Gorgeous colours on Ludlow market

We were in Ludlow for our annual freezer-filling visit. I have come to the conclusion that there is nowhere better in the UK to stock up on game, meat, cheese and proper veg (i.e. field-fresh, knobbly and ideally still crusted in mud). Add to that the independent shops, the cosy pub that serves really good pies AND has an open fire, the Ludlow Brewing Company, the castle and the glorious country drive and you have the perfect escape from the city. It’s also surprisingly good value. We came home with (VEGETARIANS PLEASE LOOK AWAY NOW) 2 pheasants, 2 rabbits, stewing venison, stewing mutton, oxtail, 1kg beef mince, 1kg braising steak, Italian sausages, pork pie, a round of cheese, amazing pain de levain and purple sprouting broccoli for less than £55. We’re not talking rubbish meat here, we’re talking meat that someone has taken care over, but without the pretension that you find in the posh urban butchers.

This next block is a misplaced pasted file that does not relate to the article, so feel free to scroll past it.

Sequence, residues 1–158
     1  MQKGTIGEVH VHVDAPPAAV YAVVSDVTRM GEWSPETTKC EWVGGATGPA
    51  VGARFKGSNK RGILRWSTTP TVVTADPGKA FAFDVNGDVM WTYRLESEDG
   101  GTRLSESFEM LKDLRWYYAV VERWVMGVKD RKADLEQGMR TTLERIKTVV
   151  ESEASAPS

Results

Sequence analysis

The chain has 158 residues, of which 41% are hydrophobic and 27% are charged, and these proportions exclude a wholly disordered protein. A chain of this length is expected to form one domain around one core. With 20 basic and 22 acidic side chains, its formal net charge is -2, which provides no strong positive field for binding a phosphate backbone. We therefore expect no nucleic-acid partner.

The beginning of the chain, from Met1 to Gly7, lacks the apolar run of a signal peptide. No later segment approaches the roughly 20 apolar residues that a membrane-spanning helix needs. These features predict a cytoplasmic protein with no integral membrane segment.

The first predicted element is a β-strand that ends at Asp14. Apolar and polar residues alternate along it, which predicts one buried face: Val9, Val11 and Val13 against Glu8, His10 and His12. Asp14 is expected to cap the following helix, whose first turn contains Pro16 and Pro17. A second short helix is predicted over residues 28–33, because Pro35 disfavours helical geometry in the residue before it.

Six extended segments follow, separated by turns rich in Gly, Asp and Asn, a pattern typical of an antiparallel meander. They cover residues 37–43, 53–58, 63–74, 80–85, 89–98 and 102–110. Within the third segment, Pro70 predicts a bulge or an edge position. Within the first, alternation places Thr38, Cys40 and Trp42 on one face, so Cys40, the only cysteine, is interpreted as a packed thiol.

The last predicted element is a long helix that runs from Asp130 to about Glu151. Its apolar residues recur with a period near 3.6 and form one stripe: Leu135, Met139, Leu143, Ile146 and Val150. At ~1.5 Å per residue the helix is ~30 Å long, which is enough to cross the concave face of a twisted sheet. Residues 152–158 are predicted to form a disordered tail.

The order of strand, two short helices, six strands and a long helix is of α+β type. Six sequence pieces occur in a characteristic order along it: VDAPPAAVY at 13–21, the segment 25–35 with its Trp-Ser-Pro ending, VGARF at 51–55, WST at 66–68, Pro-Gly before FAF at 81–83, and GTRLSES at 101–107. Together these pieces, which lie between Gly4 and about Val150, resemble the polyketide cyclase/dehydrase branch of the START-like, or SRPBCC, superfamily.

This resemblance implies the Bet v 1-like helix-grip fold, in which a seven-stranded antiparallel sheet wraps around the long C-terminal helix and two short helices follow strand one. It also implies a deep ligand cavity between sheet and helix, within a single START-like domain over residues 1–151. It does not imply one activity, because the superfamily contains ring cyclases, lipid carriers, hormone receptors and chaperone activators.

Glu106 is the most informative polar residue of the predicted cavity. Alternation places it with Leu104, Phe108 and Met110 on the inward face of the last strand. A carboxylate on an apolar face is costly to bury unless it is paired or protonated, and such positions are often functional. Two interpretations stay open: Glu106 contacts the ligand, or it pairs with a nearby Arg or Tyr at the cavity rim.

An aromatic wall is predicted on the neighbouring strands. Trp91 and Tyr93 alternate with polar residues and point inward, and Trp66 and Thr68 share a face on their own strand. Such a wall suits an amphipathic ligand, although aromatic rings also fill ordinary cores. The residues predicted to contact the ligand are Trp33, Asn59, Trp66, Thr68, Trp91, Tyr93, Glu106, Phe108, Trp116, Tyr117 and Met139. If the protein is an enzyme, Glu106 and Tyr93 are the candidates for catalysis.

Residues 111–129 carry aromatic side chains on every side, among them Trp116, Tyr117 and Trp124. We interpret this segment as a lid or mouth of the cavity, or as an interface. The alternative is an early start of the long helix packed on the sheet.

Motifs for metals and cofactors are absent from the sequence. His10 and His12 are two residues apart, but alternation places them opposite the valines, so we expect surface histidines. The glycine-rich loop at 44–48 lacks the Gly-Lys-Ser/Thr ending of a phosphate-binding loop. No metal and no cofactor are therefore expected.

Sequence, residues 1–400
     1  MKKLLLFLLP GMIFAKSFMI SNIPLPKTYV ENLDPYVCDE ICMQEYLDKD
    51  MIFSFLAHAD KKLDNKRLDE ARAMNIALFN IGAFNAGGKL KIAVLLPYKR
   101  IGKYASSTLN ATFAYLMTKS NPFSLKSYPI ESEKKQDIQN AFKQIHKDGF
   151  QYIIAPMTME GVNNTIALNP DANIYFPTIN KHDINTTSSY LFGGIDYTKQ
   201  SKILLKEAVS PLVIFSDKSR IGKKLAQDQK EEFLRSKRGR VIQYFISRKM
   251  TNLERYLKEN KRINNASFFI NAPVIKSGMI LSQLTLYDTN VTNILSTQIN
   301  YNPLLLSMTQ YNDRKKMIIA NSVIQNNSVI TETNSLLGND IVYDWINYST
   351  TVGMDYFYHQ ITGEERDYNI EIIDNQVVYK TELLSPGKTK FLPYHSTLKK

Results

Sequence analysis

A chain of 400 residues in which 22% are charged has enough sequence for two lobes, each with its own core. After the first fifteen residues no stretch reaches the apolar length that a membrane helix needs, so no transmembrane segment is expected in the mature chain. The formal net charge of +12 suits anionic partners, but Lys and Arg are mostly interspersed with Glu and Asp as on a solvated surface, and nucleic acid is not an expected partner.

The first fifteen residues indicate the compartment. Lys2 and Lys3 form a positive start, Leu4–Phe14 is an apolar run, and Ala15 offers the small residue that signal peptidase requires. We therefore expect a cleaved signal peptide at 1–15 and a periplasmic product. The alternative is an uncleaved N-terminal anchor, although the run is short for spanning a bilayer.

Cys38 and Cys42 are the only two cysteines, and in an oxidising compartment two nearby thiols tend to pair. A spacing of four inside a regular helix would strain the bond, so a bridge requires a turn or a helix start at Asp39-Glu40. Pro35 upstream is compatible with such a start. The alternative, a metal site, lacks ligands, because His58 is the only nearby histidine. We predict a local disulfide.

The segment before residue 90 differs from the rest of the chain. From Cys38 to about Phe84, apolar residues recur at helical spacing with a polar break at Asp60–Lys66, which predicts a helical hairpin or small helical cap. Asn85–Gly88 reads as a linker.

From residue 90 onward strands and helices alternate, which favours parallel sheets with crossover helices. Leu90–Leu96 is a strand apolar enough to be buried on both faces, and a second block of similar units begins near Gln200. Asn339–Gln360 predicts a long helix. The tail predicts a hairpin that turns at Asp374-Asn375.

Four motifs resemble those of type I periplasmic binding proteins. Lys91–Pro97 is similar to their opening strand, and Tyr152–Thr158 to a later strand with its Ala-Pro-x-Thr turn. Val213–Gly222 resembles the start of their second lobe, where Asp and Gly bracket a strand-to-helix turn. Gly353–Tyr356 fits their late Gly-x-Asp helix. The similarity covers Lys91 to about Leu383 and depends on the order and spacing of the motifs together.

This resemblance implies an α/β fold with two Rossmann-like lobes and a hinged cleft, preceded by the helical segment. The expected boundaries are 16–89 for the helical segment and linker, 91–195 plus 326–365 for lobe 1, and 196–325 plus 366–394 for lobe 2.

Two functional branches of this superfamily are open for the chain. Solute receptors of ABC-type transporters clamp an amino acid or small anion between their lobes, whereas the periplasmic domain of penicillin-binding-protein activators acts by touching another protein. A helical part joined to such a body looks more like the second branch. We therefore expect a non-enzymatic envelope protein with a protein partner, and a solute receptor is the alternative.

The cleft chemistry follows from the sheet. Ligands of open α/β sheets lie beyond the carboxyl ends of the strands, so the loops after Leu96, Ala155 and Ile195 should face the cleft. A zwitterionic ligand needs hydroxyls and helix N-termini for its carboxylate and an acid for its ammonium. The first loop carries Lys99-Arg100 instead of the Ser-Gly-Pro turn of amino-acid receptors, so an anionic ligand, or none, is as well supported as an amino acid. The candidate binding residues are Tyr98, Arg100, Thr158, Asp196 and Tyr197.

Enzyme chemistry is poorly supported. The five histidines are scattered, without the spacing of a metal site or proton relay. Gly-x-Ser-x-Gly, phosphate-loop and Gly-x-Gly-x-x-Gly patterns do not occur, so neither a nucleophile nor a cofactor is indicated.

The Ludlow visit always precedes the start of Proper Cooking Season. Yesterday was a happy day of concocting rabbit rillettes, beef bourguignon and orange & cinnamon creme caramel and this morning I interspersed press release writing with making a massive vat of deeply flavoured bolognese sauce. My Things to Cook list has gone subtly wintry….cranberry breakfast bread, pumpkin pie, smoked mackerel pate with beetroot and horseradish.

The rillettes are a particularly welcome addition to the autumn kitchen. The rabbit is slow-cooked with pork belly, thyme and garlic until shreddable, then packed together with their cooking liquor (which is essentially lard, let’s face it) to make a subtly-flavoured pate. Keep a tub of these in the fridge for topping warm buttery toast: lard and butter, working together to keep out the autumn chill.